“Case method works really well in ethics because it brings out the humanity of our students. They have a stake, they have a set of values, they are learning from each other. I always try to talk about Darden as a high engagement learning method – case method is an important part of that, it’s a cornerstone – but we do lots of different things that are high engagement, whether that’s simulations or projects or role plays, there’s lots of ways in which we first and foremost engage our students in the learning process. It’s not a passive process, it’s an active process, and case method is very good at that. We think together, we argue with each other, we learn from each other. When you’re in a classroom with all of these amazing folks from so many different backgrounds, you’re learning vicariously just by listening to their comments. You’re engaging more of your brain in the learning process in a case method style discussion because you’re engaging the social parts of the brain as well as the understanding of the topic.”



Be sure to consult the Latest News regularly for the most updated news releases and media hits. Check out faculty thought leadership published on Ideas to Action. And stay connected with us via social media: FacebookInstagramLinkedInTwitterWeChat

Pictured in header image: Darden Professor Roshni Raveendhran.
The post The Darden Case Method: What You Need to Know first appeared on Discover Darden.
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The Darden Case Method: What You Need to Know [#permalink]
FROM Darden EMBA Blog: The Darden Case Method: What You Need to Know
As prospective students consider which MBA program is the best fit for them, they very quickly hear about the Darden case method, and are naturally curious to learn more. Darden’s MBA program is entirely focused around the student-centric learning experience, and classes are taught using the case method. We wanted to provide a few insights and resources on this topic, as it’s a popular discussion for MBA candidates across all our programs!

Q: What is the case method?

A: Through the First Year core curriculum, students gain an integrated perspective on the fundamentals of business through rich case discussions expertly facilitated by Darden’s faculty. Collaboration and teamwork are hallmarks of the Darden experience. The learning experience is spontaneous yet deliberate and contrasts sharply with a lecture-based approach.

Q: When there isn’t a clear right or wrong answer, how does the case method help students find the solution?

A: The case method is well suited for such situations in that it teaches you how to think through challenging decisions, develop arguments, see how the rest of the audience responds, and allows you to refine your arguments as the class adds to the conversation. The case method strengthens your ability to listen to each other’s arguments and helps you to develop a way of thinking and understanding the pros and cons of different decisions. It also teaches you how to defend your argument and understand the consequences of your decision making and viewpoint. The faculty help guide the conversation by asking probing questions and challenging you think about your proposals. This emulates reality in a way – your boss will not give you the answer, you’ll have to come up with solutions on your own or with your team. Learning via the case method makes that type of problem solving instinctual for our graduates.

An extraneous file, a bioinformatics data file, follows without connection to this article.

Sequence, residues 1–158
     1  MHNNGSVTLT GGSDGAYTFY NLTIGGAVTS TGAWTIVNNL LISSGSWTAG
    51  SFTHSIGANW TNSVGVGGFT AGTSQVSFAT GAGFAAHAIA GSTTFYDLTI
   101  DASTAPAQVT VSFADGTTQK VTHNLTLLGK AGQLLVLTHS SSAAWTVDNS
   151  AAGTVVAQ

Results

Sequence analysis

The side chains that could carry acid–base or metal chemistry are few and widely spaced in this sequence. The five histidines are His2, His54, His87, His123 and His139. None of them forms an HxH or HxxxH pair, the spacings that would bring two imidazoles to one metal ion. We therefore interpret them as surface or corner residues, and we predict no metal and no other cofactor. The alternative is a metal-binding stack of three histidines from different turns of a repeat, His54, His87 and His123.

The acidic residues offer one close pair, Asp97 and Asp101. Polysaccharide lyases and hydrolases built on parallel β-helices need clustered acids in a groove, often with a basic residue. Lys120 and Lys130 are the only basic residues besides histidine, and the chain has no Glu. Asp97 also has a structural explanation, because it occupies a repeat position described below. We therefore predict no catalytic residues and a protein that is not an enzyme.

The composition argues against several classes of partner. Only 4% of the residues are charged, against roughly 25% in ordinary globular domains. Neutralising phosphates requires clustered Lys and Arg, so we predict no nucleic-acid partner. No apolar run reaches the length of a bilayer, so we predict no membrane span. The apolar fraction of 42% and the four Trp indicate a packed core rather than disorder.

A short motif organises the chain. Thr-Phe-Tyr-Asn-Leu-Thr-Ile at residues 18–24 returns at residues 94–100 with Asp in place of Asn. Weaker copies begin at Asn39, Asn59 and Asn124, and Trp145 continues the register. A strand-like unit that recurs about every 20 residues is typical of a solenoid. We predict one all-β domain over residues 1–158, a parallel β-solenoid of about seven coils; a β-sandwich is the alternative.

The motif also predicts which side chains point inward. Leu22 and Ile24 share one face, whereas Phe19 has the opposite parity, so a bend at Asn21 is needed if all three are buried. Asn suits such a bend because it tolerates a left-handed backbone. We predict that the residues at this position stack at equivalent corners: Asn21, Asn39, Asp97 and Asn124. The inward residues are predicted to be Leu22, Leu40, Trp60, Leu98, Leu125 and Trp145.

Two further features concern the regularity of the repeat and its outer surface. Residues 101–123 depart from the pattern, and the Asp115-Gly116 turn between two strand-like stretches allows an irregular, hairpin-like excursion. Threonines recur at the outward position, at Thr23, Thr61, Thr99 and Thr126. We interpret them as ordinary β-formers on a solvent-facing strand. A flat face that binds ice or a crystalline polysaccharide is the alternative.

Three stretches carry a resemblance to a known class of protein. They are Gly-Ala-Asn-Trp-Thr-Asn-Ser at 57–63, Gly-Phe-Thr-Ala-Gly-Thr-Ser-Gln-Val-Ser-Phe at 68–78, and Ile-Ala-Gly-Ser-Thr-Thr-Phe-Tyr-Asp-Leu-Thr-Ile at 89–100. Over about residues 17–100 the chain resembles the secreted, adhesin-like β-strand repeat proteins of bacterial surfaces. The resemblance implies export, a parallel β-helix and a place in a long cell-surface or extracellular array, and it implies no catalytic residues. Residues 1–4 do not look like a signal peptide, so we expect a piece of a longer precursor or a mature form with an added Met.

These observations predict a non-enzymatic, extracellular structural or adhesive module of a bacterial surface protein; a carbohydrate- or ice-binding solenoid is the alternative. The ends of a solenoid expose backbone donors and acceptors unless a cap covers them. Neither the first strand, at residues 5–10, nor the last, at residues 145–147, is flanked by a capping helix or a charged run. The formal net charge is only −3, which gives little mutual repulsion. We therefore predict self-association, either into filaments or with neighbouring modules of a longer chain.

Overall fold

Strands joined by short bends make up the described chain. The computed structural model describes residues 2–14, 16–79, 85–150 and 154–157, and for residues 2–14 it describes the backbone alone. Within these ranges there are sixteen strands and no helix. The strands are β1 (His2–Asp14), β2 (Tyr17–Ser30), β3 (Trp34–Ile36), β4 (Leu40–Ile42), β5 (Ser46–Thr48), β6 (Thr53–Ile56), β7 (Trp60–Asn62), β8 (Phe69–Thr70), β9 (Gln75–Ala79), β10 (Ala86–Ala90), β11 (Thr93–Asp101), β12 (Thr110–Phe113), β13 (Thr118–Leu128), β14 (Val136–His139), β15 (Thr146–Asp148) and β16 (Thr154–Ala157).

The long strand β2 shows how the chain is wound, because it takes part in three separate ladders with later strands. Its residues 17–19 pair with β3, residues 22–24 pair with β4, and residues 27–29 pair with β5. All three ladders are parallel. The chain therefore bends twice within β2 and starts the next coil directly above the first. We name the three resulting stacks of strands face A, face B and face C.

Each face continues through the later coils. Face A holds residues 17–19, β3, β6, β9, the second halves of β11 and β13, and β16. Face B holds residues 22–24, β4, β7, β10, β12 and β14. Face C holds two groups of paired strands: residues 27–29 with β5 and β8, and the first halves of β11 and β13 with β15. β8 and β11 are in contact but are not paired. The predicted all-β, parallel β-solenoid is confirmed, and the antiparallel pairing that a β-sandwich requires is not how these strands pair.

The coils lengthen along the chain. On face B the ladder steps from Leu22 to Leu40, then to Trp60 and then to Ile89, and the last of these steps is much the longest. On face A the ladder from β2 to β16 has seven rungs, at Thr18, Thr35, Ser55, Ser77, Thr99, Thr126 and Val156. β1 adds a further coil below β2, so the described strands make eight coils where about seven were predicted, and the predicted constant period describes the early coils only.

Q: How do students prepare for case-based learning?

A: A critical part of the case method and the First Year experience is working with a learning team — a group of five to six students from across the different First Year sections — that provides students with support to work through and understand each case. Students stay with their learning team and in their First Year section throughout the core curriculum, further strengthening their relationships with their peers and sharpening their communication skills.

Before meeting with their learning team, each member of the team has read the case and worked on the assignment questions as best as they can. The learning team will decide together on how the group will go about discussing the cases. The following day, the case will be discussed in class so each student and collectively the learning teams can recalibrate to conclude what was missed, etc. This cycle continues throughout the core curriculum.

Q: What qualities and habits help students get the most out of the case method?

A: To get the most out of the case method, students must be intellectually curious, so that they can dig through the cases to uncover the issues, formulate a solution, and propose how to operationalize it. Students also need to be open-minded and willing to change their view points based on the feedback they receive from their peers. Since active participation in the class is essential, students who are not afraid to speak up and challenge one-another do well. We also hear from many current students that they chose the case method approach because they wanted to become more confident in articulating their ideas and challenging others in a safe and productive space!

Hear insights on teaching the case method from Professor Bobby Parmar

Earlier this year, Professor Bobby Parmar joined the Experience Darden podcast to share insights about the learning experience and teaching case method at Darden. Parmar describes himself as “the son of immigrants, father of two amazing young women, and by training a moral philosopher and social psychologist. When explaining case method, he shared: